Another interesting postcard that got scooped up from the antique store is a postcard of the USS Saratoga, postmarked 11/24/1942. It was sent from San Diego, CA.
According to the Wiki article on the ship the Saratoga would not have been at San Diego at the time of the postmark. She would have been on a cruise toward Nouméa, New Caledonia and then on to the E. Solomon Campaign in early 1943.
The Saratoga was a Lexington Class Aircraft Carrier (converted from a Battle Cruiser) and one of the four pre-WW2 carriers. The other three being the Enterprise and Ranger and Lexington. The Lexington was scuttled after the Battle of the Coral Sea where she suffered damage that could not be repaired.
The Saratoga would see extensive action in the Pacific War and be torpedoed twice and kamikazed/bombed once.
Her air complement by 1945 was 53 F6F Hellcat fighters and 17 TBF Avenger torpedo bombers. After the kamikaze attack during the Iwo Jima Campaign the Saratoga returned to the US for repairs for the final time. By then she had been replaced by more modern carriers and was obsolete. She was used thereafter as a training ship and ended up being used in the Bikini A-bomb tests where she was eventually sunk after two tries.
The postcard appears to be of pre-WW2 vintage as the planes above the Saratoga look like bi-planes. Wiki notes that the Saratoga carried 18 Grumman F2F-1 and 18 Boeing F4B-4 fighters, plus an additional nine F2Fs in reserve. Offensive punch was provided by 20 Vought SBU Corsair dive bombers with 10 spare aircraft and 18 Great Lakes BG torpedo bombers in 1936, all bi-planes.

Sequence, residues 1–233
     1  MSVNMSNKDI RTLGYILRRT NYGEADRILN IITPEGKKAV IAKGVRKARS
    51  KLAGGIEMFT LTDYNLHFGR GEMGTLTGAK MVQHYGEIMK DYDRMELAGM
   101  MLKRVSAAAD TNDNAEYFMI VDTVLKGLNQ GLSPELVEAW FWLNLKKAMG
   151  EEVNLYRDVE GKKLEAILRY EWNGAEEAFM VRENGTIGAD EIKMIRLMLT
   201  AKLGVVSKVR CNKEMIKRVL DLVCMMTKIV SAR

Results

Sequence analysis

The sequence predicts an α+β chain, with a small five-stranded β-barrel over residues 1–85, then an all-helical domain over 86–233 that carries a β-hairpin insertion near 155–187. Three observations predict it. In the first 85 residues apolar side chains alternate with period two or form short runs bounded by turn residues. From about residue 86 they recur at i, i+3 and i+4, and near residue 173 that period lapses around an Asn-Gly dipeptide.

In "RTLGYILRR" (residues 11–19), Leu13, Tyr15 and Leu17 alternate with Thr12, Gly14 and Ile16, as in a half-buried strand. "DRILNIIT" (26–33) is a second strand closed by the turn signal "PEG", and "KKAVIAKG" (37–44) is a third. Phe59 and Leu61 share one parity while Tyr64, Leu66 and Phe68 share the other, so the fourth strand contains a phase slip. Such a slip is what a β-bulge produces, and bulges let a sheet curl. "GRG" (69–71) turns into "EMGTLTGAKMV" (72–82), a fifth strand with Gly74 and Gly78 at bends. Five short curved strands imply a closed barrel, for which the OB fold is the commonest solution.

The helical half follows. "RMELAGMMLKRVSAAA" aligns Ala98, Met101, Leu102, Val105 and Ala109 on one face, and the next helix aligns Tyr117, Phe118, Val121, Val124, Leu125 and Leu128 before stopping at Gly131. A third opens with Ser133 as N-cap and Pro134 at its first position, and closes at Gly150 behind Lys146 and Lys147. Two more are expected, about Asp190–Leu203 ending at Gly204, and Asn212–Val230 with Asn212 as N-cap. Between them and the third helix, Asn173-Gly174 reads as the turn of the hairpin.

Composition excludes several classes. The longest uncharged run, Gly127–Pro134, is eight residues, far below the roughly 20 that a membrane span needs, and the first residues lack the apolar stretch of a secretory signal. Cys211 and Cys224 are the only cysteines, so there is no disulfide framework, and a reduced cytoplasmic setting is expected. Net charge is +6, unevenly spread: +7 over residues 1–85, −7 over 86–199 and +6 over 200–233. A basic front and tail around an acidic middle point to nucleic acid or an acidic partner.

The the back of the postcard is intriguing.
The recipient is Mrs. Ellie P. Fallis, Fallbrook, Calif. Box 751. The writer is a gal named Jewel. She writes:
Tues AM 11-24-42
Dear “Mom” I’ve just said “goodbye” to Roy on the telephone. He left about noon for another flight “down under.” Monte is out at his ranch running the tractor. He will be in Wed. taking another round of new fever shots. In about two weeks he goes on a long trip. We have a fine thing this AM. An artist “Lietta” designer and illustrator of children’s books 2 PM. Very fine ______? station. Now I go to another “air-minded” lecture. Yours, Jewel
The message is fascinating and Pearl’s use of quotation marks suggests attempts at communicating without getting sensored-in other words a type of code she hopes Ellie understands.
My best guess is that Roy is her husband and she refers to Ellie as “mom” in quotes for that reason. Roy appears to be stationed in Australia with “down under” being code for it. I cannot surmise much about Monte other than assuming he too is on service and about to get more shots, probably for malaria or dengue fever and host of other tropical diseases before he ships out. Whoever Monte is he has a ranch and drives a tractor.
“Lietta” is Helen Dowd an artist who branched out into illustrating a number of children’s books between 1936-1954. My guess she was at the San Diego Naval Base to either lecture or do an exhibit for service personnel and/or their wives.
Jewel notes that she needs to go to an “air-minded” lecture perhaps having something to do with the Navy explaining what a pilot does and what she could expect as a pilot’s wife. Whatever the case the postcard is intriguing and speaks of wartime San Diego and the people connected with the Saratoga either directly or indirectly.
great old postcards. I need to start looking for some old ones myself. I am thinking she wrote: “Very fine demonstration” referring to Lietta. Instead of: “Very fine ____ station”
Thanks for stopping by Mike. I just started my quest for old postcards recently and am especially intrigued by the colorized versions that were made before color photography became available. Good luck on your quest, it’s a lot of fun especially when you find one with writing. I’ll double check about the “station” or “demonstration” the eyes are not what they used to be.
What would be the value of this postcard unused? I have one….K.C.
I’m sorry Kenneth but I have no idea. I’m not really a collector. If I see something cheap enough at an antique store (under $10.00) and it’s a military subject I’m interested in I’ll buy it. All I know is subject matter and condition drive the prices up. If memory serves me I probably paid $10.00 for the Saratoga.